Mary Jo pointed out tonight that some players have a window to shine. Sometimes their peak is from 15-18 others from 25-28. It's a blend of physical and mental maturity.

    The usta has a tendency to grasp onto a kid when they are a teen and force itself onto them. Sometimes that is ok, other times you just have to let the player develop on their own terms.

    I can only imagine Isner would've been a disaster if they had forced everything on him at 16.
     
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  11. Alohajrtennis

    Alohajrtennis Semi-Pro

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    And different coaches for different styles of players, as well as different personalities. Anyone in the business should know. There can be no cookie cutter approach. While there are plenty of wrong ways, there is no one 'right way'. The we-must-all-do-it the-way-they-do-it-in Europe-dogma has failure written allover it. The top American prospects in womens and mens, Stephens and Sock, have both politely kept their distance from the USTA, and have worked with coaches that treated them as individuals.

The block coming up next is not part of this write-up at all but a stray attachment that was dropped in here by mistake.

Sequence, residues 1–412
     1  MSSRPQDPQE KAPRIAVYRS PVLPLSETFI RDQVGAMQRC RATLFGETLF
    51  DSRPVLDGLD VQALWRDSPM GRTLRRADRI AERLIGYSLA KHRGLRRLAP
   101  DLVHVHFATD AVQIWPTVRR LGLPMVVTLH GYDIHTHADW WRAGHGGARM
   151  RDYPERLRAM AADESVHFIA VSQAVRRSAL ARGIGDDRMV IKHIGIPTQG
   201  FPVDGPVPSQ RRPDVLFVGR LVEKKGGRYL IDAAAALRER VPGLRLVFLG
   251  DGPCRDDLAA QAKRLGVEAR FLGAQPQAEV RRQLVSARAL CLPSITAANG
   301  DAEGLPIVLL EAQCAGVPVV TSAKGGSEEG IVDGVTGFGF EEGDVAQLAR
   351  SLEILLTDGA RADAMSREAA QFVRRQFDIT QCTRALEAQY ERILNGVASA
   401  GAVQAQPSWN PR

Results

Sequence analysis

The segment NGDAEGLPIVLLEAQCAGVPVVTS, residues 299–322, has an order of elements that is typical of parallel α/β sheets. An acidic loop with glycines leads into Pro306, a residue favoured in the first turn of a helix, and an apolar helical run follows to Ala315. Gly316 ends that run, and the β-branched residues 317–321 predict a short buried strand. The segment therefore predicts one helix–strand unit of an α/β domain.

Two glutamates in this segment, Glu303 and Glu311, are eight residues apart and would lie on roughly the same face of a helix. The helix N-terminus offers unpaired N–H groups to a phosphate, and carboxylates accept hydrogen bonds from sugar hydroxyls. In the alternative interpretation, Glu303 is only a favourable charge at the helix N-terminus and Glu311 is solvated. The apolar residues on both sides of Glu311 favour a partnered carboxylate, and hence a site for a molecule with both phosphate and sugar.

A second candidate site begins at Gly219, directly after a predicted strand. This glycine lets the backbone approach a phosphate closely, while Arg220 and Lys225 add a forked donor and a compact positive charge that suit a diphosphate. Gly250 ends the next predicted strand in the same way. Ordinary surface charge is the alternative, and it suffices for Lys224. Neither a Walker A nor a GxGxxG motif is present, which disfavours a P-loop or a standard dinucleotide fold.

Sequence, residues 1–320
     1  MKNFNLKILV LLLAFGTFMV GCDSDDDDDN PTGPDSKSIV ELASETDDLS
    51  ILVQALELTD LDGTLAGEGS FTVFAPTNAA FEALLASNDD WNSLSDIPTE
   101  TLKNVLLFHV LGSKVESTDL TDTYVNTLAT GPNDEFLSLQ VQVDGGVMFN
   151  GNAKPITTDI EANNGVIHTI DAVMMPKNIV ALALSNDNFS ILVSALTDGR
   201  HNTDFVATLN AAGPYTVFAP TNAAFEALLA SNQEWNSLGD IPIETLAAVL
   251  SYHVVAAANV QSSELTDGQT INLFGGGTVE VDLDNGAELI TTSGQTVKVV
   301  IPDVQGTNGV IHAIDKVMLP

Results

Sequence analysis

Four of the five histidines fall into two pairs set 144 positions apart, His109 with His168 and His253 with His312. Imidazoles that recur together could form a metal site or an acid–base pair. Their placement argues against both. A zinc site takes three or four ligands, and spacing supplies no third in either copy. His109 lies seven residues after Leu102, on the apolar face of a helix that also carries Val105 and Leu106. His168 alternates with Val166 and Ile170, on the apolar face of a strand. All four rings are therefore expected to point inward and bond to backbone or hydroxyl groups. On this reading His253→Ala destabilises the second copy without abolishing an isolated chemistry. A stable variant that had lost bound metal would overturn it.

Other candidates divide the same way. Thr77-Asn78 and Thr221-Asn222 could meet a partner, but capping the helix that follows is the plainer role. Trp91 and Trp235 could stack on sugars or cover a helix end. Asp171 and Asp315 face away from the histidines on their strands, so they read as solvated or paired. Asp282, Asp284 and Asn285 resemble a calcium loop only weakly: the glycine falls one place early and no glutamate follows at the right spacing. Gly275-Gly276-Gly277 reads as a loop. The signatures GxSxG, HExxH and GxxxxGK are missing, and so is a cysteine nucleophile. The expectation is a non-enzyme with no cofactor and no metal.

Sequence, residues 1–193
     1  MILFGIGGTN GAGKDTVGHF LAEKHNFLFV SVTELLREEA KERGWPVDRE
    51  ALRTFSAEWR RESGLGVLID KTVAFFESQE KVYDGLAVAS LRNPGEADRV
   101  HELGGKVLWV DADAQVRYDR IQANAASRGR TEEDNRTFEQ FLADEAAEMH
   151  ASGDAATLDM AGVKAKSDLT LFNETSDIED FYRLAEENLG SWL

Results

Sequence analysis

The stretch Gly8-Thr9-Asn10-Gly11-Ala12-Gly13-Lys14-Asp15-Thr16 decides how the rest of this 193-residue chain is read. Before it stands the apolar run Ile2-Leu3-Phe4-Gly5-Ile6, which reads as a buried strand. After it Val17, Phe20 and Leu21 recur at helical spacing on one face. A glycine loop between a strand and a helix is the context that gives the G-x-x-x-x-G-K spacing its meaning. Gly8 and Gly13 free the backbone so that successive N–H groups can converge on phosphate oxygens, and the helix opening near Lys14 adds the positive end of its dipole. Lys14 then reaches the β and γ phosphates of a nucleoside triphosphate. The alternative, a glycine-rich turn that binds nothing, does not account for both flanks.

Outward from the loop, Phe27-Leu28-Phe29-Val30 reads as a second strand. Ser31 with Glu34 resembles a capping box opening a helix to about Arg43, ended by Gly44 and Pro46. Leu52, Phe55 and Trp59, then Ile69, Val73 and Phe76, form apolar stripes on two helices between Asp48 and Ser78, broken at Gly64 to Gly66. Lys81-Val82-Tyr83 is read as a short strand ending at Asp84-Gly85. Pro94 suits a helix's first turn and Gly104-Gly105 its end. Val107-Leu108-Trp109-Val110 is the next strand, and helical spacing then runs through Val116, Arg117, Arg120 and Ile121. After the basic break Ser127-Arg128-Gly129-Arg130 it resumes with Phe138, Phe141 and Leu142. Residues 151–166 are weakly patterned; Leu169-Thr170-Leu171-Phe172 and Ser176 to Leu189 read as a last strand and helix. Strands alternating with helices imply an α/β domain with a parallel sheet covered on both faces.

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  12. Alohajrtennis

    Alohajrtennis Semi-Pro

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    The William's have had a huge effect on the women's side, much more so than the men's, and whether we like it or not, its all about the Benjamins, and that means the men's. A lot of great black women coming up, Stephens is going to be a star, but Keys, Townsend, etc., all inspired by the Williams.
     
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  13. floridatennisdude

    floridatennisdude Hall of Fame

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    Thought Victoria Duval showed something against Clijsters last night, too.